fig01Figure 1. Three phases of the ChildsPlay research. Phases I and II were in the US and laid the foundation for research in other countries in Phase III. The original proposal also included India and Brazil. All participants for in-home interviews were considered middle to upper class within their country. Researchers conducted in-home research in the Portland, San Francisco Bay, Frankfurt, and Shanghai metropolitan areas. Survey data provided a broader selected sample of people from different social economic groups, gender, age, family dynamic, and location from the whole country.


The ChildsPlay research project generated a significant body of data with many interesting results. The present discussion covers three key stories—Culture Matters, Orientations Toward Play, and the Gender Story—discoverable only from an ethnographic perspective and methodological approach. Had Anne and Thérèse limited data collection to surveys, a data collection method that is currently favored within the company, these key explanatory insight areas might not have come to light. Without participant-observation, making sense of the broader quantitative data and understanding how it relates to the future of play, it would have been considerably more difficult, if not impossible, to draw actionable insights.

Culture Matters

Compared to qualitative sources of data, Intel more typically uses quantitative data. Therefore, Anne and Thérèse had to make a case for including participant-observation, in-home interviewing, and play context documentation in their research. The pilot phase (see Table, the US in-home sessions) provided the justification sponsors on the business side needed in the form of valuable insights into the ways in which non-quantifiable aspects of cultural context shape play. A discussion of three areas of cultural significance drawn from both research phases follows: settlement patterns, social institutions, and gender roles.

Settlement Patterns – A key difference between the US, China, and Germany is in the density of settlement, and the availability of outdoor play spaces that are contiguous to the home. In the US, a majority of homes have yards, even multi-family dwellings typically have a place to play, except in the most densely settled cities. Overall, Germany tends to be more densely settled even in the villages where houses are clustered tightly around a central point. German homes usually have small yards or patios, or a larger area that is shared by a group of homes. Their access to a contiguous outdoor play area is slightly less common than in the US. In China, the most densely settled of the three, access to a contiguous outdoor space to play is rarer. Interior space does not differ dramatically between the three in terms of size.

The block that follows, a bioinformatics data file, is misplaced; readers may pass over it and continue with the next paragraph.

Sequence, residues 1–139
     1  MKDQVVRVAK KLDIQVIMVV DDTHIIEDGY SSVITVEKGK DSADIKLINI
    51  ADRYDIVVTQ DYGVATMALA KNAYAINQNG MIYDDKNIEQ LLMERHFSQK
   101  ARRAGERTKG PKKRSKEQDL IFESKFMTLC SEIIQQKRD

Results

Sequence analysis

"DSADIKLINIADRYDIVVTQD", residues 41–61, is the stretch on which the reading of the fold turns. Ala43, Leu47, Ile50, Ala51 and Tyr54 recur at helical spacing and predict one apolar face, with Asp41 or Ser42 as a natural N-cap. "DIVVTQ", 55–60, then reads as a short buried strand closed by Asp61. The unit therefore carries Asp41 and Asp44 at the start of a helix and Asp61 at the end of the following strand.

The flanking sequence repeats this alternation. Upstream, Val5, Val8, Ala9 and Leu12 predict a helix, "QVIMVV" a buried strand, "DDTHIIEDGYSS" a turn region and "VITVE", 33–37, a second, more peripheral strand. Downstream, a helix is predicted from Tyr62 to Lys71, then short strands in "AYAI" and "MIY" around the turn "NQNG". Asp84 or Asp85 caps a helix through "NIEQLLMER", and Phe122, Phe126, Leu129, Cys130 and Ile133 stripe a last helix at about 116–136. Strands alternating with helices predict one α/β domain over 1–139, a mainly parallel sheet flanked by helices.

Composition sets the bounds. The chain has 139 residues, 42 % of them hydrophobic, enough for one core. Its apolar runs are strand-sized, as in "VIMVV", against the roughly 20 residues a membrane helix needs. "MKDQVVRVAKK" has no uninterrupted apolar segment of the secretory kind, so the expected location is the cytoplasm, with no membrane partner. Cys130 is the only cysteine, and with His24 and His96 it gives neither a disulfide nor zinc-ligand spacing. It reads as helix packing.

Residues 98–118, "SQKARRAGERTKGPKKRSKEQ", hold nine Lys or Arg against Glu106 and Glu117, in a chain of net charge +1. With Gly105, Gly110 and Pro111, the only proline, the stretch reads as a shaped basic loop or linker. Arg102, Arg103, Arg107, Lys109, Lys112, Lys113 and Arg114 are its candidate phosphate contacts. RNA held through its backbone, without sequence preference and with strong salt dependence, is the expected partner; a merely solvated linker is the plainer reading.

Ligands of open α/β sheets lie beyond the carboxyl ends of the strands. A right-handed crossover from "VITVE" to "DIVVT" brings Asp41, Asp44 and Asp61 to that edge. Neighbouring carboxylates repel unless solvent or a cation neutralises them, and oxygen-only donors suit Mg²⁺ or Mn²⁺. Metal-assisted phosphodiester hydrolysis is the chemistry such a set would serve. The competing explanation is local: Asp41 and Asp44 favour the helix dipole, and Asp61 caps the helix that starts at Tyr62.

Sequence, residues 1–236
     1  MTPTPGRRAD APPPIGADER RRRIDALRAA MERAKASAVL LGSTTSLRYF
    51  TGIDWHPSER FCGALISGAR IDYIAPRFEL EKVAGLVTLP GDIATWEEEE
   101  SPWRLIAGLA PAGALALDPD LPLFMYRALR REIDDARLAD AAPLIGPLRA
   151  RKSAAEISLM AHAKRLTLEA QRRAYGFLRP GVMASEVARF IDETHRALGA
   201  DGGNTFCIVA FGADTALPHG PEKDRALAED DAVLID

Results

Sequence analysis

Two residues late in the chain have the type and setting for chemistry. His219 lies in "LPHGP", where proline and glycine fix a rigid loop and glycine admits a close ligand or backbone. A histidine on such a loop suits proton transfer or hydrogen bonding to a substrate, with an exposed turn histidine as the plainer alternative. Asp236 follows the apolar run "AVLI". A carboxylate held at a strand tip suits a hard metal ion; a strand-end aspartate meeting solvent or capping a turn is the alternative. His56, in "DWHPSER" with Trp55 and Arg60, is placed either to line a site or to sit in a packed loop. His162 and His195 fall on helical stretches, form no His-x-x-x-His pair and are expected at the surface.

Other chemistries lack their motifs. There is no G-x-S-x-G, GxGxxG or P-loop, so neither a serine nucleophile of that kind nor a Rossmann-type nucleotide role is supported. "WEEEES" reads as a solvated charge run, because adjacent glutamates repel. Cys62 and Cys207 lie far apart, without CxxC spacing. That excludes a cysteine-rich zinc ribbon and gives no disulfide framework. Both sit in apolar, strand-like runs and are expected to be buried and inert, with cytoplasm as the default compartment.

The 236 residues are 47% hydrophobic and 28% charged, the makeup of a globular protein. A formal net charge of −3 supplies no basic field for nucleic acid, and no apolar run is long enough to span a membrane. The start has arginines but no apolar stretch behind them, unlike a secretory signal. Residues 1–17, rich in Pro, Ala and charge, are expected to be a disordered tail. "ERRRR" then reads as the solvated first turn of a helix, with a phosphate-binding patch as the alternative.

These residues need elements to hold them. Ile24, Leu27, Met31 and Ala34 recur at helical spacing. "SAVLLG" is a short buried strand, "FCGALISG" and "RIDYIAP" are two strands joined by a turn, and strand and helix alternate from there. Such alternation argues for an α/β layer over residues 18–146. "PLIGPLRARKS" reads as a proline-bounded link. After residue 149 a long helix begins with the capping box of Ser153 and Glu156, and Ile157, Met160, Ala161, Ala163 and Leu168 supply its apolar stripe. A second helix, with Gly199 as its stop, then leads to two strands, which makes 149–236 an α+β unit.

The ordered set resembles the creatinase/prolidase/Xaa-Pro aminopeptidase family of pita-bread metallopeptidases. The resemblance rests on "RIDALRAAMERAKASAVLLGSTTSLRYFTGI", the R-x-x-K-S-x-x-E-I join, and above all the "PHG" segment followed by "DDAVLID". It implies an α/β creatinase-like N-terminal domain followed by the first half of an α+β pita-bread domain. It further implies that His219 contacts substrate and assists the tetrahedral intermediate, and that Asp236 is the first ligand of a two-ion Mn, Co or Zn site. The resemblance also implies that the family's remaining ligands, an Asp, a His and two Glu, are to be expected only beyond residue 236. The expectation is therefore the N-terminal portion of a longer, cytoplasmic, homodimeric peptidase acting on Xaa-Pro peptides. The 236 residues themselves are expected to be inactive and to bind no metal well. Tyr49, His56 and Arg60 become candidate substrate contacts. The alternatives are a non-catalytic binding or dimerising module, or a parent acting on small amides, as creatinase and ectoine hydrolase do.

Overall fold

Clearly, having safe outdoor places to play by one’s home makes the possibility of outdoor play greater. Because US citizens have more outdoor space available (as measured by survey), one might therefore assume them to have a greater orientation toward outdoor play than the either German or Chinese families. From an ethnographic perspective, this did not turn out to be the case. German families place a much higher premium on free outdoor play than either Americans or Chinese. One interesting finding from our ethnographic research is that a relatively high proportion of participants belonged to a schrebergarten, a German institution of allotment gardens established in the late 19th century. These urban families without contiguous play space often spent weekends in the schrebergarten explicitly “so that the children can play outdoors” (German Mother).

Because of the lack of outdoor play spaces by the home in China, outdoor play is a rarity. Many Chinese parents also expressed greater perceived risks of playing outdoors: “It is so dirty,” “Too dangerous,” “Too polluted.” Some parents among the participants allowed their child to play a team sport outdoors, but other parents found even this activity too dangerous. An additional cultural particularity relates to a general restriction on unstructured playtime.


Figure 2. Availability of contiguous outdoor places to play has ramifications for product design and marketing of toys intended for outdoor use. Understanding settlement patterns and how different peoples think about outdoor play is also important.

Social Institutions – One aspect of social life that has a huge impact on how, when, and where children play is the education system—the length and regularity of the school day, and availability of childcare (Figure 3). German children spend the least amount of time in school (3 to 4 hours per day), and have the greatest freedom with it comes to unstructured time, while Chinese children have the longest school day (7 to 8 hours per day), and have the least amount of time for unstructured play. From day to day, a German child’s school day can vary; a German child may have a different schedule every day of the week. Both US and Chinese children attend school consistently during the same times every day of the week during the school year.